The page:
Did you know that they way we convey ideas to others can be compared to the decay of radioactive substance? Thought not, let me explain.
A half life
The scientific definition of a half life (not the computer game!) is the length of time it takes for a radioactive substance to decay… well, for half of it to day. The way radioactivity works means that, as there is less and less of the radioactive substance, the rate of decay slows down, so it takes longer and longer for whatever’s left to fall apart.
It works the same when we’re trying to share ideas. It’s also an interesting concept in productivity that explains why we shouldn’t keep jumping from task to task.
But here, I’m going to explain why it’s important to think about Idea Half Life (IHL) in presentations… or in fact in any type of communication where you’re passing on lots of Big Ideas (BIs).
Here’s where the problem lies
These graphs should help.
Suppose you give people your first BI and the amount of effort it takes for people to deal with it is shown in the purple line 👇
As you can see, the amount of effort required goes down over time as people get used to the idea.
So far so good.
But what happens if you go on to introduce BI2 (your second big idea)?
If we add it in a sort of dull yellow colour, the graph starts to look like this…
I’m pretty sure you can see the problem. None of the effort under the purple line is available to handle the effort needed to deal with the yellow line!
If BI2 is a biggie, then this might be a bit of an issue.
If you’ve got more than two BIs in your presentation (or whatever method of communication you’re using), the problem compounds because these bits of effort are cumulative.
It could mean that by the end of your presentation no one has any head space left for the effort needed to handle BI9!
In other words, you’re potentially wasting your time and melting your audience’s brains.
I can’t just not tell people things! What can I do?
There are things you can do and some of them are pretty easy.
The obvious one, of course, is to tell people fewer things, which by the way, is absolutely allowed!
The second best option is to split things up into small enough chunks for the half life of your BIs to have decayed before you start again.
It’s one reason why online courses (including ours) have lots of small chapters, not one big one.
So now we’ve had a look at the basics, let’s have a look at some practical ways you can apply this theory.
Create signposts for your audience
You might know you’re moving on from BI3 to BI4, but it’s not obvious to your audience automatically.
Remember how novels have chapters in them to signpost that they’re changing scene, location, time, or characters, etc? Well, you can do the same with your presentations by thinking of each BI as a chapter.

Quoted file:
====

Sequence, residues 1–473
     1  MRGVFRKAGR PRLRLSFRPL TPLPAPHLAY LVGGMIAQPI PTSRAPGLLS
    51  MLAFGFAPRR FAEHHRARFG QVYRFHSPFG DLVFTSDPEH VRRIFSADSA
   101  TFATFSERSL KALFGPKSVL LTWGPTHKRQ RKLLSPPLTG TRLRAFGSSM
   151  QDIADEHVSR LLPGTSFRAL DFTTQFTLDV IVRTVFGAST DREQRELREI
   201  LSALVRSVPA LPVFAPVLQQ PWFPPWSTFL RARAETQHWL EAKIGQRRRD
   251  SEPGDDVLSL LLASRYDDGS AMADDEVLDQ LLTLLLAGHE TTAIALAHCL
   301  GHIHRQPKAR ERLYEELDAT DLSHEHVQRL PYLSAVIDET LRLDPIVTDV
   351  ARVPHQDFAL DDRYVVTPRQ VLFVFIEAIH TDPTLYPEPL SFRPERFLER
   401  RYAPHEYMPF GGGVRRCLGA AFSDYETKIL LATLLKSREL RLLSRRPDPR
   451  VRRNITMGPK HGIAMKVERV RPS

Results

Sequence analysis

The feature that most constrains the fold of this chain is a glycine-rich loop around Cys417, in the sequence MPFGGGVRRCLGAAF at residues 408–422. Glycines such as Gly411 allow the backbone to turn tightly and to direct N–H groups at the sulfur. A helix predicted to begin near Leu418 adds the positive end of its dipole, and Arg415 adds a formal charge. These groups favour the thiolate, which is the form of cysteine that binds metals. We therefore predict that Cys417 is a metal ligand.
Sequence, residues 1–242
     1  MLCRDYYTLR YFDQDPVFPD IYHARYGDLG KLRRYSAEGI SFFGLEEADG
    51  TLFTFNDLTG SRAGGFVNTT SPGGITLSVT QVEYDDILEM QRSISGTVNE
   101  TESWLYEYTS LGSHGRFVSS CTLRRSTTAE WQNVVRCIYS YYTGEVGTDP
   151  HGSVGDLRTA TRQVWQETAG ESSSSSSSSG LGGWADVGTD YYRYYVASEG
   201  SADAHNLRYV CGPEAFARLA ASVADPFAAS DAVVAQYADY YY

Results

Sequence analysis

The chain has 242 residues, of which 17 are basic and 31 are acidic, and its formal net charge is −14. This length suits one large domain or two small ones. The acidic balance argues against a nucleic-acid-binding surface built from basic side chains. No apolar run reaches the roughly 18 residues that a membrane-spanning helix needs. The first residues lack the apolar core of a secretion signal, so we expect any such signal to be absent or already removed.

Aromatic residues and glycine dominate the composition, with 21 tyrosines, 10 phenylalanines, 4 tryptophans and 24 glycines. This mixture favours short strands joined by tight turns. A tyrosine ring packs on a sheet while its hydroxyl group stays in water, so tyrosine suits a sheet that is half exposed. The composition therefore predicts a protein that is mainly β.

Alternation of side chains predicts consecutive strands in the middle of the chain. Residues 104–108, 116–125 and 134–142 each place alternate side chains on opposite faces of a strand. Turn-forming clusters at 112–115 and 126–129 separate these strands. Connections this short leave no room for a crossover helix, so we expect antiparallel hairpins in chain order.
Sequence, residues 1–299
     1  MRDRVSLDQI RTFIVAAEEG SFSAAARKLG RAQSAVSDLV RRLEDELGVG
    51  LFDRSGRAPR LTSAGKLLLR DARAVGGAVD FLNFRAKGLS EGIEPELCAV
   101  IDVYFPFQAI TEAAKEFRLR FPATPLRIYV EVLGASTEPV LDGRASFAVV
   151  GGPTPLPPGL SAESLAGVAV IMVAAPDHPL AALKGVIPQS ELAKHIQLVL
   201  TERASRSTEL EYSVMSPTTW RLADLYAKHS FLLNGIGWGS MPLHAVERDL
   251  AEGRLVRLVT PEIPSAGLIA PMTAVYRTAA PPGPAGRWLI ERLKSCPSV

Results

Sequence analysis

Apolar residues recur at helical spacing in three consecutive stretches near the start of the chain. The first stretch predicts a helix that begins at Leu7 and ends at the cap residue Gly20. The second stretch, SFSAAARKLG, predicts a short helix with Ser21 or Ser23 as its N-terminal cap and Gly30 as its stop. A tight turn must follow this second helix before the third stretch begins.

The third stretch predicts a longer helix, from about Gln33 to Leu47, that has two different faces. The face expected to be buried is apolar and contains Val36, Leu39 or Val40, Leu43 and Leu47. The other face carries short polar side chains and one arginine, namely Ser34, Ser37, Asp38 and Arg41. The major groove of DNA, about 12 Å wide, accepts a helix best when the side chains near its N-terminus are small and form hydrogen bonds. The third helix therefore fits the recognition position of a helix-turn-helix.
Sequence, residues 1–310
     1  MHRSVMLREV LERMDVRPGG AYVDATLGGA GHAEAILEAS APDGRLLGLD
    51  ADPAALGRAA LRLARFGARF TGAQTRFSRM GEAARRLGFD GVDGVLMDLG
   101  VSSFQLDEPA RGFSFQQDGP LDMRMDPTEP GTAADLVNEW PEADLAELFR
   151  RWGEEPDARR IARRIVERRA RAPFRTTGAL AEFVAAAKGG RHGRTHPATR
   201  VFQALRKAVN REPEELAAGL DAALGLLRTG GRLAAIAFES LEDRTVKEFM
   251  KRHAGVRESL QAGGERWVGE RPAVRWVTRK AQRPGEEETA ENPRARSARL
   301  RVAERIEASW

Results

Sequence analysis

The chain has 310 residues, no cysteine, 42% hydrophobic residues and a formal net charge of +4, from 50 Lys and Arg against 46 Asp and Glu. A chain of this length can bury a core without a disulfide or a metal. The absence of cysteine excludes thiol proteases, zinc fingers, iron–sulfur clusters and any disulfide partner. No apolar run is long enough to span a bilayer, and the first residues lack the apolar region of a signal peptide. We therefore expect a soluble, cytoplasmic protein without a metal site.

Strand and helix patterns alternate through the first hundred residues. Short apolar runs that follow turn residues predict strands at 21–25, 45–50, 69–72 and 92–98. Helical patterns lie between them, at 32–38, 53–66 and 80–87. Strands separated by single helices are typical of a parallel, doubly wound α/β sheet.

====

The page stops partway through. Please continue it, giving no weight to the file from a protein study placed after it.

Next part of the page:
How would you indicate the end of a chapter? Probably by having a big chunk of white space in the book (that is, you’d start the new chapter at the top of a new page, not following immediately on) and you’d almost certainly have a chapter heading. If you apply that logic to a presentation you might have a blank (black) slide and then a new, fresh-start slide.
Be blatant. Tell people. Show people. Hit them over the head with it!
Change the media you use
Although this is related to the previous idea, it’s got merit on its own, too.
When you move from BI5 to BI6, change the media you use.
For example, in my training courses, I shift from slick slides to what look like impromptu sketches on a flip-chart. (It isn’t impromptu, of course, I’ve rehearsed what looks like making-it-up-as-an-idea-occurs-to-me.)
At the very least, consider changing the colour-scheme of your slides, so that people know where they are, or if you’re happy to have ugly slides, put a running header along them so that people see the words “BI6” in the bottom left corner of all the BI6 slides. Then put “BI7” in the bottom right for the appropriate slides.
Why put them in different places?
Remember what I said about being blatant and hitting your audience over the head?!
Mix it up
This one’s obvious when you think about it. If BI3 is an absolute whopper and BI5 is also going to melt people’s heads, think about making sure BI4 is either (or both!):
- an easier one
- about something very different
Both options are intended to give your poor, battered audience time for the half life to decay a bit more before they get hit with another BI!
There’s a lot more to be said, but I won’t. Why not? Because you’ve probably got enough to be going on with now and if I give you a fourth Big Idea you’ll pay less attention. The important thing now is to think about the three ideas you’ve just been given and:
- reeallllllly think about them
- figure out how to apply them, test them, embed them in your work
- move on, so that your head-space is clear for your next task!
Actually, there’s one more thing you should do… comment and/or share this blog! 😉
Dr Simon Raybould spent two and half decades as a research scientist and has also worked as an actor, lighting designer, teacher and fire-eater! He’s the author of three books on presenting, one of which became a best seller and two of which sank without trace.
He’s now one of the UK’s leading presentations trainers and designers. See more at presentationgenius.info and if you want some training by him see presentationgenius.eventbrite.co.uk for his only public UK training this year.